Series: Prisoner of Night and Fog, #1
Publisher: Balzer & Bray
Release Date: April 22, 2014
Genres: Historical, Romance, YA
Source: Received in exchange for review
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In 1930s Munich, danger lurks behind dark corners, and secrets are buried deep within the city. But Gretchen Müller, who grew up in the National Socialist Party under the wing of her "uncle" Dolf, has been shielded from that side of society ever since her father traded his life for Dolf's, and Gretchen is his favorite, his pet.
Uncle Dolf is none other than Adolf Hitler.
And Gretchen follows his every command.
Until she meets a fearless and handsome young Jewish reporter named Daniel Cohen. Gretchen should despise Daniel, yet she can't stop herself from listening to his story: that her father, the adored Nazi martyr, was actually murdered by an unknown comrade. She also can't help the fierce attraction brewing between them, despite everything she's been taught to believe about Jews.
As Gretchen investigates the very people she's always considered friends, she must decide where her loyalties lie. Will she choose the safety of her former life as a Nazi darling, or will she dare to dig up the truth—even if it could get her and Daniel killed?
From debut author Anne Blankman comes this harrowing and evocative story about an ordinary girl faced with the extraordinary decision to give up everything she's ever believed . . . and to trust her own heart instead
Thank you to the lovely people at The Unofficial Addiction Book Fan Club for hosting this tour!
For so long, she had believed in Hitler’s lies, seeing shadows where there should have been light.
Set in Germany during the rise of Hitler’s power, Prisoner of Night and Fog was a beautifully told story. I loved Anne Blankman’s take on this time period. The main character, Gretchen Müller is actually from Hitler’s inner circle—she refers to Hitler as “Uncle Dolf”. Instead of a conniving and cruel image of Hitler that we normally see in other YA historical fictions, Gretchen idolises and sees him as a good and all-round loved and charming man. This was truly refreshing and transcended my expectations.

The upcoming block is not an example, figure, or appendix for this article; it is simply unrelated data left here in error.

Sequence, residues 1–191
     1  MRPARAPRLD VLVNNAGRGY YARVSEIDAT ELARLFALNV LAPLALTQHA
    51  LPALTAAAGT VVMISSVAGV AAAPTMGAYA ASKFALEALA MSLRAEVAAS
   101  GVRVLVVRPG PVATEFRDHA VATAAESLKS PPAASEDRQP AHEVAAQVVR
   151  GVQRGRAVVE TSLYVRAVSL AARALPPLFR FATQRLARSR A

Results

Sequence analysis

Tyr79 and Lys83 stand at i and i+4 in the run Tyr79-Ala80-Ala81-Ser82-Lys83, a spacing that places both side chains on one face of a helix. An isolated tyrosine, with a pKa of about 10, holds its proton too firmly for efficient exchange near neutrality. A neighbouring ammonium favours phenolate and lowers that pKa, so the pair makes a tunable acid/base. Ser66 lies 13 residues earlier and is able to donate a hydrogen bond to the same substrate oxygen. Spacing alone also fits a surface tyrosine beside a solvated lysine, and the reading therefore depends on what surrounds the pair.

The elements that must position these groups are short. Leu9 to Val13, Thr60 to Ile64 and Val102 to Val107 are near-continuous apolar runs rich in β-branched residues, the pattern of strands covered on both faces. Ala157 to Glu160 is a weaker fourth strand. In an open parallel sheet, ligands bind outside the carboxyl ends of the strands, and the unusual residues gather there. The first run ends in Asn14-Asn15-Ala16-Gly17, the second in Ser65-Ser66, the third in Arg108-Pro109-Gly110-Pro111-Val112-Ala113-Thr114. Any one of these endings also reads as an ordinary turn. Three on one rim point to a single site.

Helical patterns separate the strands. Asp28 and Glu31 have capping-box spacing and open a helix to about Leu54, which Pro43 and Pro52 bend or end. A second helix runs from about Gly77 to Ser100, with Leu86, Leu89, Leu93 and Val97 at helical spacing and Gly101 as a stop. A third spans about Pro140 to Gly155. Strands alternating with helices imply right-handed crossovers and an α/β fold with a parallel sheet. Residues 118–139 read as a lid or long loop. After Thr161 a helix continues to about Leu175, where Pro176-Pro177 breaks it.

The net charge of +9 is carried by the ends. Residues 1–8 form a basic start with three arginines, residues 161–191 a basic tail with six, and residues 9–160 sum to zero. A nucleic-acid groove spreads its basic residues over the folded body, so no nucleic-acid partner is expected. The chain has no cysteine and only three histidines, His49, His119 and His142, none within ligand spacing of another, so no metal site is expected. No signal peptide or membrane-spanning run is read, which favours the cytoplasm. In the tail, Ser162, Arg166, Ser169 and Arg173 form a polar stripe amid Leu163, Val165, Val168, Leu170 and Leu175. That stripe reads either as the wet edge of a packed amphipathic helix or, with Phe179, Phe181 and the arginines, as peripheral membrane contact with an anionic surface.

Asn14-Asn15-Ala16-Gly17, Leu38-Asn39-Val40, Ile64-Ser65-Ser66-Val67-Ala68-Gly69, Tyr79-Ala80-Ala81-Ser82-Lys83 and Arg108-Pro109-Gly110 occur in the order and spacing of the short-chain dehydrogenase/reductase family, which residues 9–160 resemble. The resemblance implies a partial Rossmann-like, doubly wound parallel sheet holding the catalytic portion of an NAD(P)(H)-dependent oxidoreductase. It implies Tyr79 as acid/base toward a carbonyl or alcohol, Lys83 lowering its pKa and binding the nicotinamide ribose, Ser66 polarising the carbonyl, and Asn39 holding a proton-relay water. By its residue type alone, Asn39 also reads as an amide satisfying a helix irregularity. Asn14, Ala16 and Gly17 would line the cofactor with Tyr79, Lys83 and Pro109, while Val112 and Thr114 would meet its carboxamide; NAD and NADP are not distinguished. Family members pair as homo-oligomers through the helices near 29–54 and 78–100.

It’s apparent that there was a lot of research to make it such a brilliant novel. I seriously cannot image how the author did it. Research is highly important when tackling the historical genre, and the author really went out of her way to make us readers feel like were back to the years when Hitler was alive. Anne Blankman wove her novel around some real events that happened in history such as the Beer Hall Putsch event and Hitler being treated for his ‘hysterical blindness’ during Germany’s surrender. Even some of the characters in Prisoner of Night and Fog were actual people (such as Hitler—duh—Geli, Eva, Hess and Putzi). Hands down to this author.
All the characters here fantastically created. Gretchen was a competent and determined young lady who really grew onto me. When she discovers that her father’s death may not have been as heroic as she thought, but a murder by one of his own comrades, Gretchen is desperate to uncover who killed him. Even if it means to trust a Jew–Jews which she had been taught to fear and look at with disgust. It’s amazing how learning the other side to a story can change your view and open your eyes to the whole picture. Daniel Cohen was a sweet and ambitious Jew, and worked as a newspaper reporter. I loved their honesty towards each other and their undying trust. Their romance was pleasantly devoid of instant-love however I wasn’t exactly shipping the two even though I am not against their romance.
The only niggle I have towards Prisoner of Night and Fog is it’s plot and pace. I felt that the plot wasn’t very strong and could have done with a little more focus and a little more importance because sometimes I felt that Gretchen wasn’t really interested/desperate to discover the truth about her father’s death. As for the pace, things only really picked up till the halfway point. The first half was just setting up the characters on the board. The second half though, I found to be gripping.
Atmospheric and engaging, Prisoner of Night and Fog has found its place as one of my favourite historical novels ever. I recommend this to lovers of Elizabeth Wein’s novels.
~Thank you Balzer & Bray for sending me this copy!~
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